[FOUNTAIN]Old lessons and new ones

Home > Opinion > Editorials

print dictionary print

[FOUNTAIN]Old lessons and new ones

"Hunyo Sipjo" are 10 lessons that the Goryeo Dynasty founder Taejo Wang Geon delivered just before his death. The 10 pieces of advice were spoken 1,060 years ago to advise the scions of the royal family. The lessons were based on the feng shui principle, the predominant ideology of the time. Thus, it is obvious that the 10 principles do not sound realistic and reasonable today.

"I have accomplished the great achievement of national unification based on the magical power of our country's rivers and mountains," the king's last words read. "Pyeongyang is a strategic place located at the center of our country's terrestrial backbone, so my successor must visit and stay there," the king advised.

Although the 10 lessons are impractical when read today, they are an important historical record, and they served as the foundation for the Goryeo Dynasty's ruling philosophy throughout its 400 years.

Yoon Bum-mo, a well-known contemporary art critic, recently published "The True Color of Fine Arts." In his book, Mr. Yoon offers a critical essay that points out the problems of our art community. Titled "Hunyo Sipjo for Artists Who Want to Be Famous," the essay is named for the Goryeo founder's lessons. Mr. Yoon explains that he wanted to teach lessons to readers and students through the essay. But borrowing the title of the ancient royal document for his acrimonious piece against the art community smells of something fishy. And they are not lessons, but paradoxes.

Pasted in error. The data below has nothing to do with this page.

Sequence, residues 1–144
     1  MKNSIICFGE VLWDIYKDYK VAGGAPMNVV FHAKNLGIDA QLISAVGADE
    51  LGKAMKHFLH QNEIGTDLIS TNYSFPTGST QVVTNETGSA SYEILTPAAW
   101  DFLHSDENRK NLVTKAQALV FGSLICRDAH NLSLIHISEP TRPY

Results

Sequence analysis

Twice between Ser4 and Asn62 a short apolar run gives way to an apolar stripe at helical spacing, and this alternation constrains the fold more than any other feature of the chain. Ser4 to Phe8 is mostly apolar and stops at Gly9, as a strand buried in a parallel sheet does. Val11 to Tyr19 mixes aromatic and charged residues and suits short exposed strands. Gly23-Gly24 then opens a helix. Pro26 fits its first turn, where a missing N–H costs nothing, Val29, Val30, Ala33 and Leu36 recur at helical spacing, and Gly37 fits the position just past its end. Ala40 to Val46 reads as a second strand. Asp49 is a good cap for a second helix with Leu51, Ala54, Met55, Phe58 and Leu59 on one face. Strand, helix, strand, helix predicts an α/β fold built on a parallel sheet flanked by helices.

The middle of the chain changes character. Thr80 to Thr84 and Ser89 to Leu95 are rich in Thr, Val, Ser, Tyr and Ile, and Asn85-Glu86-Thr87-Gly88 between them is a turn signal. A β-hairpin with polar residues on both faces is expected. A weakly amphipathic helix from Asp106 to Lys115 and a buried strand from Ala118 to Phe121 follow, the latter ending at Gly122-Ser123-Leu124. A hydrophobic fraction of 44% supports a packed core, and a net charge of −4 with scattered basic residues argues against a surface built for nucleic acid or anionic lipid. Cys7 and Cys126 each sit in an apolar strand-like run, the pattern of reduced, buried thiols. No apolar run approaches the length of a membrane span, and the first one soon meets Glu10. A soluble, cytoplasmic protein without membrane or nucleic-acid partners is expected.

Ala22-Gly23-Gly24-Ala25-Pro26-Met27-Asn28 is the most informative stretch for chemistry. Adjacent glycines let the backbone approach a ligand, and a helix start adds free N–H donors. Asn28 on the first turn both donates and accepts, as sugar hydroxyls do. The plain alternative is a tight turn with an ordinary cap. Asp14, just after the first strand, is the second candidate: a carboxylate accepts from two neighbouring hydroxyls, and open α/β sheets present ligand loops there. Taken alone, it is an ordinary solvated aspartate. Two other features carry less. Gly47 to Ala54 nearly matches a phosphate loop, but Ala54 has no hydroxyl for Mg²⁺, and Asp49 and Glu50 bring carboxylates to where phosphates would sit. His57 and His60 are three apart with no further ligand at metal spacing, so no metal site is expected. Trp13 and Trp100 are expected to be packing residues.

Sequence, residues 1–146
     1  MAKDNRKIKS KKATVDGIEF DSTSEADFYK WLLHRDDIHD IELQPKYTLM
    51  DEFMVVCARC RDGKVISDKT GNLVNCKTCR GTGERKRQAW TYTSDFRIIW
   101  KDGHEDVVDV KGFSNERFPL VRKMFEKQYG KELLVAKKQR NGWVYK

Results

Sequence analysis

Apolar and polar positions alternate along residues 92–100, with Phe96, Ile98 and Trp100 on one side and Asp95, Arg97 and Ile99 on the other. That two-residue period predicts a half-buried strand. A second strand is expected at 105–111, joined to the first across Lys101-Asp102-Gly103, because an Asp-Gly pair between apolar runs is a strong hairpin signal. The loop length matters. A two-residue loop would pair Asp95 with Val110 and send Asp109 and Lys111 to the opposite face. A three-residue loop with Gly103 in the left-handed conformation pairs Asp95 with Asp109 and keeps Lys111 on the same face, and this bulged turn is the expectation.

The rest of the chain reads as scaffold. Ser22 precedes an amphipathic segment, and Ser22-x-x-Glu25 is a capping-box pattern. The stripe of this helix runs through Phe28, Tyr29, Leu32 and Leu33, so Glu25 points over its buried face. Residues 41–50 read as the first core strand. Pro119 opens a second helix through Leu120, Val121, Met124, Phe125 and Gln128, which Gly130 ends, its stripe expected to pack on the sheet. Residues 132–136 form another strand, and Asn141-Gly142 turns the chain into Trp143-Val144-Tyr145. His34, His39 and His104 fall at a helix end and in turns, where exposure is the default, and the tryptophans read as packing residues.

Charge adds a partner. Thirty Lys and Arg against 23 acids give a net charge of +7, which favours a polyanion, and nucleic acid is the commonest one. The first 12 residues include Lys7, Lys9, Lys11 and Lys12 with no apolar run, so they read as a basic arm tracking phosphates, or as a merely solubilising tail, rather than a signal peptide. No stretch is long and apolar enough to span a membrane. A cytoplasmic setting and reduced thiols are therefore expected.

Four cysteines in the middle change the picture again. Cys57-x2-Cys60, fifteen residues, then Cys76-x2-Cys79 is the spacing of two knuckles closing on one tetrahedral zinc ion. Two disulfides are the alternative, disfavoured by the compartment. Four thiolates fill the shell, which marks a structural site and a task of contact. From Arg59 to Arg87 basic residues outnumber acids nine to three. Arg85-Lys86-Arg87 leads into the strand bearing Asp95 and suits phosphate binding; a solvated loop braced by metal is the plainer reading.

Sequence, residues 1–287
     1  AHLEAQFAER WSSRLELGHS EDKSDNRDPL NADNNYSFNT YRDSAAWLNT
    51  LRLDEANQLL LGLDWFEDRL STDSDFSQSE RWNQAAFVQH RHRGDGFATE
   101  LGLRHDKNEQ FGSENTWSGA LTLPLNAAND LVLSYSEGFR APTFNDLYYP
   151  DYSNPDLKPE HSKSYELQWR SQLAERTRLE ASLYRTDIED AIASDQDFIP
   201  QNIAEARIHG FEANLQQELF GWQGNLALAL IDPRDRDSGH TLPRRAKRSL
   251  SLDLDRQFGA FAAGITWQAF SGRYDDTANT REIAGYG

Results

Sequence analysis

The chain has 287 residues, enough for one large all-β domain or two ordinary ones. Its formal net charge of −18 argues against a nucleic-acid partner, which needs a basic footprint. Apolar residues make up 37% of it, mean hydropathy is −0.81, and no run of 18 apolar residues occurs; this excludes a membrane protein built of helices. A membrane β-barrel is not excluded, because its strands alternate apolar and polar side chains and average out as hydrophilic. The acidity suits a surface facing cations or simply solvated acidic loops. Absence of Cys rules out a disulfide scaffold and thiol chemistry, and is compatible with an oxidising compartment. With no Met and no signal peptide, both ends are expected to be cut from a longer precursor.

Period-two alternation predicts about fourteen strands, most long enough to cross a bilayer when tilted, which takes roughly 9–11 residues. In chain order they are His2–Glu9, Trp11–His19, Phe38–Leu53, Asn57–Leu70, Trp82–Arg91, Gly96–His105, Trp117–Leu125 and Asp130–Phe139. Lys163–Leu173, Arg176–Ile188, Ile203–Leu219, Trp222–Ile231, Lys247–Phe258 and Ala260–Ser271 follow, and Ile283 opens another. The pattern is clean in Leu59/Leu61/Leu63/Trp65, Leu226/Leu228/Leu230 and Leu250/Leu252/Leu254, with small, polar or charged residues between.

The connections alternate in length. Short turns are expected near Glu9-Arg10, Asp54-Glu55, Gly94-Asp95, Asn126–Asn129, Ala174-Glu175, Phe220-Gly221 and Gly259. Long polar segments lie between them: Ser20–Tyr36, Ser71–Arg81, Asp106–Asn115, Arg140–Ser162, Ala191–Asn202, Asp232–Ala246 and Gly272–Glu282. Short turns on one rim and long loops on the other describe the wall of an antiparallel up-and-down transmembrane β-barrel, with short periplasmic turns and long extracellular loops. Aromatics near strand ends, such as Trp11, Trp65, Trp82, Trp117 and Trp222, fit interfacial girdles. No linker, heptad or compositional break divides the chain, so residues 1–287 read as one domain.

Subtitled "The rules of success in Korea's fine arts community that everyone knows but no one dares to say aloud," the lessons are:

1. Dump your historical consciousness in the trash can.

2. Always follow the trends of leading foreign countries.

3. Paint expressionless decorative pieces for your survival.

4. Become famous, no matter what it may cost.

5. Form a clique and take good care of your personal connections.

6. Fancy up your career.

7. Choose to become a professor instead of a career artist.

8. Never read books.

9. Put a high price tag on your paintings.

10. Exchange your spirit with philistinism.

Mr. Yoon's satire is not only applicable to the art community but also other areas of society. In truth, Mr. Yoon's real argument is that we need to upgrade our society with as much energy and noise as the Red Devils have in the streets.

The writer is a deputy culture news editor of the JoongAng Ilbo.

by Oh Byung-sang

Log in to Twitter or Facebook account to connect
with the Korea JoongAng Daily
help-image Social comment?
lock icon

To write comments, please log in to one of the accounts.

Standards Board Policy (0/250자)